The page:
Dudley E. Dawson is a reporter for Hawgs Illustrated. A graduate of the University of Arkansas, he is a voter for the Heisman Trophy.
Arkansas defensive tackle signee Williams expected to have early impact
FAYETTEVILLE New Arkansas defensive tackle signee Jalen Williams of Jones (Miss.) College took a gamble on himself and it paid off.
Williams (6-3, 310 pounds), the top junior college defensive tackle and sixth-best JUCO prospect overall according to ESPN, chose to take the junior college route in a quest to get better offers than he had coming out of Tylertown (Miss.) High School
What once was a lone offer from Colorado out of high school turned into offers from Arkansas, Auburn, Georgia, Ole Miss, Missouri, Florida State, Baylor, Duke, Minnesota, Southern Mississippi and others during his time at Jones.
“He has a great belief in himself and made that decision that he could come here to Jones and get bigger, stronger and develop into someone who a lot of of Division I schools would love to have in their program,” Jones coach Steve Buckley said. “That’s exactly what happened and I couldn’t be prouder of what he has accomplished on the field and in the classroom.”
Williams had 58 tackles, 6.5 tackles for loss and a pair of sacks in his two years at Jones. Williams' team played just a five-game schedule this season due to covid-19.
“If you talk about athletic development, Jalen has gone from a 252-pound kid in high school to a 305-pound defensive tackle that played at a high level this past year,” Buckley said. “It was interesting to watch him develop and carry his weight. I think his freshman year he had gained so much weight that it took him a semester to get used to playing at 300 pounds.
“He is an extremely hard worker, great kid, does a great job in the classroom. Jalen was a qualifier out of high school and is going to graduate from Jones with over a 3.5 GPA. He handles business off the field in the classroom. I think he is going to be a really, really good player for Arkansas.”
Williams had 111 tackles, 20 tackles for loss and 13 quarterback hurries as a senior at Tylertown.
Buckley is pleased that Williams — whose dad Jason played basketball for Ole Miss from 1994-96 — will be in a program with Arkansas coach Sam Pittman and defensive line coach Derrick LeBlanc.
“You look at what Coach Pittman has done there and it has been great,” Buckley said. “I’ve never met him, but I have known about him for a long time and his background. I have heard nothing but great things about him as a a person and that is important to me that my kids are going to be taken care of by character men, and I think Coach Pittman is that.
“I have also had a long-standing relationship with Derrick LeBlanc, the defensive line coach there. Derrick and I worked together at Southern Miss for a couple of years. So I thought it was just a great fit for Jalen. I know who is coaching him and I know the kind of person Derrick is and Coach Pittman is. I just think it is going to be a great fit.”
Buckley wasn’t sure that Jones was going to get to play a season due to coronavirus.
“Going into the season we didn’t know how many games we would play and the bottom line was we fought hard to play in Mississippi,” Buckley said. “The NJCAA made a determination that we would not play until the spring, but we did not think it would be fair to our kids getting recruited to make them come back and play in the spring.”
Jones was poised to have a big season before the virus hit, Buckley said.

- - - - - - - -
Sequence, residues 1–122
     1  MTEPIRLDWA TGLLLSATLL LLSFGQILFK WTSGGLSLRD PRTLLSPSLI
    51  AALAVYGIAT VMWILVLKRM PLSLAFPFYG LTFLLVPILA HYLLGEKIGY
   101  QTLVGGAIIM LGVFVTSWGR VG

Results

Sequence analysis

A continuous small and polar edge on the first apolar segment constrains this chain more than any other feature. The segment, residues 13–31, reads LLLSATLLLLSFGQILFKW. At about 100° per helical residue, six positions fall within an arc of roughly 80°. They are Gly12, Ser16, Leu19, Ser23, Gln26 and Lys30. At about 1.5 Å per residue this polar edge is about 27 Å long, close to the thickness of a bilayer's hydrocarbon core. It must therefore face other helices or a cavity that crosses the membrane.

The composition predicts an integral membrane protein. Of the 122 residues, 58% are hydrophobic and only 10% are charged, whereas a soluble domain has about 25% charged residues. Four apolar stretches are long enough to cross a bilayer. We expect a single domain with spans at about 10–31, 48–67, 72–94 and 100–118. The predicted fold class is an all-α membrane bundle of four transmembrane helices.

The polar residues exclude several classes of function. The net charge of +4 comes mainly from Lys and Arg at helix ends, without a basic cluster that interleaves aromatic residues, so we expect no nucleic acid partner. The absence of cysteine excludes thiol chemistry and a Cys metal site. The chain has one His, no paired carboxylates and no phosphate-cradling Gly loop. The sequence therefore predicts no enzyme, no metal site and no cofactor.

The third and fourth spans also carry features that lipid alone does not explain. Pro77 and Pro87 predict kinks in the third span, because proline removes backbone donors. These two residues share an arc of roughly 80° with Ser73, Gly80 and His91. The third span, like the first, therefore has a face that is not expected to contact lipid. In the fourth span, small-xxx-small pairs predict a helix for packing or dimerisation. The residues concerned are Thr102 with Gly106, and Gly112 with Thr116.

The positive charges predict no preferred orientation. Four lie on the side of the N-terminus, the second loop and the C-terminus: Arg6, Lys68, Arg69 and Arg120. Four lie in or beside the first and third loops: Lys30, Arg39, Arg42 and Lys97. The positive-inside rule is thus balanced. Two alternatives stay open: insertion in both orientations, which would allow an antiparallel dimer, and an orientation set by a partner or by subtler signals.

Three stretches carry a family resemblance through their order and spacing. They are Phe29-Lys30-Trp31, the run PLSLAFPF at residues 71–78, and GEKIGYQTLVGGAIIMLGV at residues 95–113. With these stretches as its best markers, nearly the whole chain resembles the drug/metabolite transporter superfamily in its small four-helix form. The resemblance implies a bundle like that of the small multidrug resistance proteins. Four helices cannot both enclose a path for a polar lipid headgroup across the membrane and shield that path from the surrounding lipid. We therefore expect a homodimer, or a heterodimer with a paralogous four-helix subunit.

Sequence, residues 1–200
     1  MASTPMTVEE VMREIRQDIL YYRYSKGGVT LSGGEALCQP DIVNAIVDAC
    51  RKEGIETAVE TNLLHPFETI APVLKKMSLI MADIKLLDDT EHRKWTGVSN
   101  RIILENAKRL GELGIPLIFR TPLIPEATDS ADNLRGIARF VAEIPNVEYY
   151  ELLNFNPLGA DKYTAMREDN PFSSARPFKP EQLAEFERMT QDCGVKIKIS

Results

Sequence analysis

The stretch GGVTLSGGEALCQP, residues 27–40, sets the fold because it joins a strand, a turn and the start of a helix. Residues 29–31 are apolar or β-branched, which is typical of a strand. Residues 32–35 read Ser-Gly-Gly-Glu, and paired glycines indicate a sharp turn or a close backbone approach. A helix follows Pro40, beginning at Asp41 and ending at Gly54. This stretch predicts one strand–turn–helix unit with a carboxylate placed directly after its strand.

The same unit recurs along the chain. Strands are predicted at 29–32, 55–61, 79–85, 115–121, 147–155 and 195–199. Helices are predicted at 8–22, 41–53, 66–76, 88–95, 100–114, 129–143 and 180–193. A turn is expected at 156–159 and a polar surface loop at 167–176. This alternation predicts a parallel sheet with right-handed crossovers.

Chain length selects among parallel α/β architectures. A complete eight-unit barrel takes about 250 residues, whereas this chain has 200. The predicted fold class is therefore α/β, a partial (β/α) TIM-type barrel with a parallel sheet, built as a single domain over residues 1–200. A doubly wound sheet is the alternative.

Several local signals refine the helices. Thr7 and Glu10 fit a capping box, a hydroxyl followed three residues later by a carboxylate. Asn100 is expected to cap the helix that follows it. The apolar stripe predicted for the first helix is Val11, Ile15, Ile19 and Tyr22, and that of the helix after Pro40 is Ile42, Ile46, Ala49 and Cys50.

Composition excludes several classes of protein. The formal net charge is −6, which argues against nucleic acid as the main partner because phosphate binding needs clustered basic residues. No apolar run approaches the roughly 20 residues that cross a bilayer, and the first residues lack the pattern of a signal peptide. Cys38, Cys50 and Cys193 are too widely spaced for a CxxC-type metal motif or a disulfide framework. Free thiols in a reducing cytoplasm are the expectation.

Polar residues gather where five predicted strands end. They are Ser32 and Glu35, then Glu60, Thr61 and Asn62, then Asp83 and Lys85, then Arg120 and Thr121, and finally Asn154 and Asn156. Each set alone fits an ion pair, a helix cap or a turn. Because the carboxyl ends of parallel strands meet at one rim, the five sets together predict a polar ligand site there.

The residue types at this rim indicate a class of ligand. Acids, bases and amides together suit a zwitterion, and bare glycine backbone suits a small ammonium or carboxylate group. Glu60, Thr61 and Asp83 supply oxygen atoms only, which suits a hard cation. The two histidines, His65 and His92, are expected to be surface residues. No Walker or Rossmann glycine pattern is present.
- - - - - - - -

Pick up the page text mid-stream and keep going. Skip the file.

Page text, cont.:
“It was crazy,” Buckley said. “I felt like going into the season that this was going to be our best team. I have been here four years so it would be our fifth season. But then covid hit and I had a lot of kids on my roster that were qualifiers and we ended losing five kids in the summer.
“One went to Louisville, one went to North Carolina State, one kid went to Mississippi State and so on."
Williams could have left as well, but chose to stay.
“Jalen was one of the kids that also had Power 5 offers to leave, but he just wanted to stay and continue his developmental process,” Buckley said. “We actually tried to talk him into leaving, not because we didn’t want him, but kids don’t lay in bed at night and dream of going to junior college, and I get that.
“My background is Division I and I know these kids come here to get to the next level. Jalen had opportunities, but wanted to finish up what he had started here. I think it is a testament to him.”
Williams will have four years to play three seasons at Arkansas.
“At one time I was thinking about leaving Jalen on scholarship and not burning a year of eligibility," Buckley said, "but when the NJCAA granted the free year like Division I did, he and I and his family made that decision to go ahead and play.”
Buckley believes the Mississippi junior college slate has helped Williams in his development.
“I didn’t know how good this league was until I got in it,” Buckley said. “I had recruited it forever, but you truly don’t pay that much attention to the overall league when you are recruiting certain kids.
“But just to look at our league and the competition in our league; we have had 95 kids sign scholarships in the past four years."
Buckley also believes Jones is a place that did the same.
“We graduate 97% of our football team at December after three semesters,” Buckley said. “We just have a great set up at Jones from an academic standpoint and from an athletic development one. I am probably one of the few junior college coaches that has a strength coach.
“The level of competition that these kids go against every day in practice and in the games, it just helps them get ready for the next step.”
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